What happens when the driver who hit you doesn't have enough liability coverage? Or, even worse, takes off? Uninsured and underinsured motorist coverages exist to financially protect you from irresponsible drivers. And compared to liability, comprehensive, and collision, it can be quite affordable.
quick coverage facts
- Used when the at-fault driver doesn't have enough (or any) liability coverage
- Can save you from having to pay for a car accident you didn't cause
- Usually costs more to add to your policy in states with more uninsured drivers
how uninsured and underinsured motorist coverage works
Okay, so you got into a car accident (bummer), but it wasn't your fault (phew). In most circumstances, you'd file a claim with the at-fault driver's car insurance company, get your car repaired, and recoup compensation for any lost wages and medical expenses. No out-of-pocket expenses to you.
But in some cases, the driver who sideswiped you doesn't have car insurance, or at least doesn't have enough of it. This happens more than you might expect. The Insurance Research Council estimated that about 1 in 8 drivers were uninsured in 2012. And minimum liability requirements don't always offer enough coverage after a car accident.
When this happens and you don't have uninsured or underinsured motorist coverage, you'll need to pay out-of-pocket for damages and medical expenses not covered by the other driver.
The difference between uninsured and underinsured coverage
Uninsured motorist coverage protects you if you're in an accident with an at-fault driver who doesn't carry liability insurance.
Underinsured motorist coverage, on the other hand, steps in when you're in an accident with an at-fault driver whose liability limits are too low to cover the damage or medical expenses. The at-fault driver's insurance will typically pay for all damages up to the policy limits, and then your underinsured motorist coverage will cover the excess amount up to the limits you select.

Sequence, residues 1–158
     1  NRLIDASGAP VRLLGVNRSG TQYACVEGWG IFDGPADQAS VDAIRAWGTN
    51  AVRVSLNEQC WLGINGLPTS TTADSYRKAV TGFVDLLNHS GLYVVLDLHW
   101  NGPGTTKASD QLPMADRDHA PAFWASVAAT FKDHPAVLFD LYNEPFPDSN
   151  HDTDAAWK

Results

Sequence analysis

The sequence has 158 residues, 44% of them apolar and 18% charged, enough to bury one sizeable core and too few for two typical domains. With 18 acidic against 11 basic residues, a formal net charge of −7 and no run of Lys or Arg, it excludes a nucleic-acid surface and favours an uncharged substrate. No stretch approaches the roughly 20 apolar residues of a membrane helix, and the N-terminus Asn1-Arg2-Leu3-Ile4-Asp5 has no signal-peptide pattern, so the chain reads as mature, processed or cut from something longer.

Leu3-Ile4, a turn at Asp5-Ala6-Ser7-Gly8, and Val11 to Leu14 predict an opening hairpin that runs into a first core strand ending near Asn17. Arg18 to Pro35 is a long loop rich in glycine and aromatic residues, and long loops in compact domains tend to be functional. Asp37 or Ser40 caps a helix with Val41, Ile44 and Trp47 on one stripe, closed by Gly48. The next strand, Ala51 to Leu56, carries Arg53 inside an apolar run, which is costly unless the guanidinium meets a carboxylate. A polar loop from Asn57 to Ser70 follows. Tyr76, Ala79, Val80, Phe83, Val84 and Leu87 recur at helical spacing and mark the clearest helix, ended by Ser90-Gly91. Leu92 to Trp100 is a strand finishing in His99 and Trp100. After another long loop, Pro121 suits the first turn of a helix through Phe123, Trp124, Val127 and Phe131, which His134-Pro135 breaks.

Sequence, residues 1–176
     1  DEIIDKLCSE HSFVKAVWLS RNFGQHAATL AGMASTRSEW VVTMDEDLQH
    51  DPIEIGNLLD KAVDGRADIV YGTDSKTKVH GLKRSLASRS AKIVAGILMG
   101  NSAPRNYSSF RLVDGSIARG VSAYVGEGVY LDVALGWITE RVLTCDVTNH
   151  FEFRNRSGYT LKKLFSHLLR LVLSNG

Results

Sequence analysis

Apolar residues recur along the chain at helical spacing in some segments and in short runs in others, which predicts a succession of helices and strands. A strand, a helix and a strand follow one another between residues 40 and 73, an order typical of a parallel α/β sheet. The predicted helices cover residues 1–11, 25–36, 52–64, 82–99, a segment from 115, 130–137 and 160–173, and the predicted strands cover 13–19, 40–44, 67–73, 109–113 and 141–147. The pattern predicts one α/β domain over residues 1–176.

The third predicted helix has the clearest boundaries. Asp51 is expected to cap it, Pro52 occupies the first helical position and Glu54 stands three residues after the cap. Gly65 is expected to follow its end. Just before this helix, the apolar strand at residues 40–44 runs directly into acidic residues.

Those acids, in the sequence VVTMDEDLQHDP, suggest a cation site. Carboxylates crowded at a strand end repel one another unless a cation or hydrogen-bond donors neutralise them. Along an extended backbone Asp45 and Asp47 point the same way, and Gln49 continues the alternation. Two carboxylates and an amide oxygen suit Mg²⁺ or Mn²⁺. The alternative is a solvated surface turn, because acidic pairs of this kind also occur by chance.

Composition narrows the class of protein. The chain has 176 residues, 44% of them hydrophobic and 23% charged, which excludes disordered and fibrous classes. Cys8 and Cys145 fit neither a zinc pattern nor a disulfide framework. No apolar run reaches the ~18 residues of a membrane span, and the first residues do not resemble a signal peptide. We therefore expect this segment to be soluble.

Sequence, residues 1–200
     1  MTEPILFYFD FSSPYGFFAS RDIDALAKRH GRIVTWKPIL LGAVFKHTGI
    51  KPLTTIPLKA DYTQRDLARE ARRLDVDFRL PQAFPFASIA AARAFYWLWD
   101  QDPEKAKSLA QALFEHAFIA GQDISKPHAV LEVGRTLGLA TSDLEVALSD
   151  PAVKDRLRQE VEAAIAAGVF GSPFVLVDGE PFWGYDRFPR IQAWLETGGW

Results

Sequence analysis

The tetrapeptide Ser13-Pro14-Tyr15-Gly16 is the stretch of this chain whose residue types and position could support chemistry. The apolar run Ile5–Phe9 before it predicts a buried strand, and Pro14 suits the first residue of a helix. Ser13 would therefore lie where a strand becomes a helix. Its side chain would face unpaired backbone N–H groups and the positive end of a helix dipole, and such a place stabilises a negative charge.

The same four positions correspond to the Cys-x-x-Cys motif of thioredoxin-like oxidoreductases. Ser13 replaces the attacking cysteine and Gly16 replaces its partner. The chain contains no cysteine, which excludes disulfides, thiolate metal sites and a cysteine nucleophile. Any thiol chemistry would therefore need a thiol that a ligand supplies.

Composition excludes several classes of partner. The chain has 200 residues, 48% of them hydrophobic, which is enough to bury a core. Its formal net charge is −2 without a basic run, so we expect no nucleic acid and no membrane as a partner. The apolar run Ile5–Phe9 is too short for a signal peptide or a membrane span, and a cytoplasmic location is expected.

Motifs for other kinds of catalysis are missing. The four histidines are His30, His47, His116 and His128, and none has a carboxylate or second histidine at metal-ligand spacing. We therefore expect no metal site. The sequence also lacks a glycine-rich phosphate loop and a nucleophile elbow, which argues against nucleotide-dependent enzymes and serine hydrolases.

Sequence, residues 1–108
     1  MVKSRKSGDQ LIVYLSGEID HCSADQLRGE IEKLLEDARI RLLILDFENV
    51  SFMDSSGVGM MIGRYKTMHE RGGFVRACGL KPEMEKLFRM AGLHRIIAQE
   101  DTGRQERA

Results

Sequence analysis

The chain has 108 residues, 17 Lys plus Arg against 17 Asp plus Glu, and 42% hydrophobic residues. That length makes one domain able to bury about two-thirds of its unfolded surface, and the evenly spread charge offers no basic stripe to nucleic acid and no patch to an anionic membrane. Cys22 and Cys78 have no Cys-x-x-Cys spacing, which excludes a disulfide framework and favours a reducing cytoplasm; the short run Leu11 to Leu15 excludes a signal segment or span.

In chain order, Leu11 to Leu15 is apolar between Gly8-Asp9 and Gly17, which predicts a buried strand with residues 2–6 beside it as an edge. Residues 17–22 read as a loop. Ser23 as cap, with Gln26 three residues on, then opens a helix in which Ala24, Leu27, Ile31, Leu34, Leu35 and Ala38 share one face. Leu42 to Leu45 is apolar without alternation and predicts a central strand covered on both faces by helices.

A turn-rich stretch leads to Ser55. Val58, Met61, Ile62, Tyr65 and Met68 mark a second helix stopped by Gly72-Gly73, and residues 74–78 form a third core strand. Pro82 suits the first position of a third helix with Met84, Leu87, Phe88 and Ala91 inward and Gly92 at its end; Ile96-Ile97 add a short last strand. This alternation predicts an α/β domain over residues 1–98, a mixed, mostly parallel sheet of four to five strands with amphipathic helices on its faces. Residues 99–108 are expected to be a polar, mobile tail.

the 2 types of uninsured and underinsured motorist coverage
Like liability insurance, uninsured and underinsured motorist breaks down into 2 coverage types: bodily injury and property damage.
Uninsured/underinsured motorist bodily injury coverage (UMBI)
Can cover medical expenses, lost wages, and injury-related expenses for you, any permissive drivers, and your passengers. It can also provide coverage for injuries sustained in hit-and-run accidents.
Uninsured/underinsured motorist property damage coverage (UMPD)
If your car is damaged in an accident with an uninsured or underinsured driver, this coverage steps in to help. Unlike UMBI, this coverage doesn't protect against damage caused by hit-and-run collisions.
states that require uninsured and/or underinsured motorist coverage
Because of the high number of uninsured drivers on the road, many states require drivers to carry at least uninsured motorist coverage, if not both uninsured and underinsured motorist coverage.
How stacking works
If you have more than one car on your policy and you "stack" your uninsured/underinsured coverage, your selected limit is multiplied by the number of cars. If you're a Pennsylvania driver with UMBI limits of $50,000/$100,000 and you have 2 cars on your policy, stacking would increase your limits to $100,000 per person, $200,000 per accident.
Adding uninsured/underinsured coverage to your car insurance policy
If you live in a state where this coverage is optional and want to add it to your Esurance policy, you can login to do this anytime.
If you're not a customer and you're in the market for new car insurance, start a personalized quote now.
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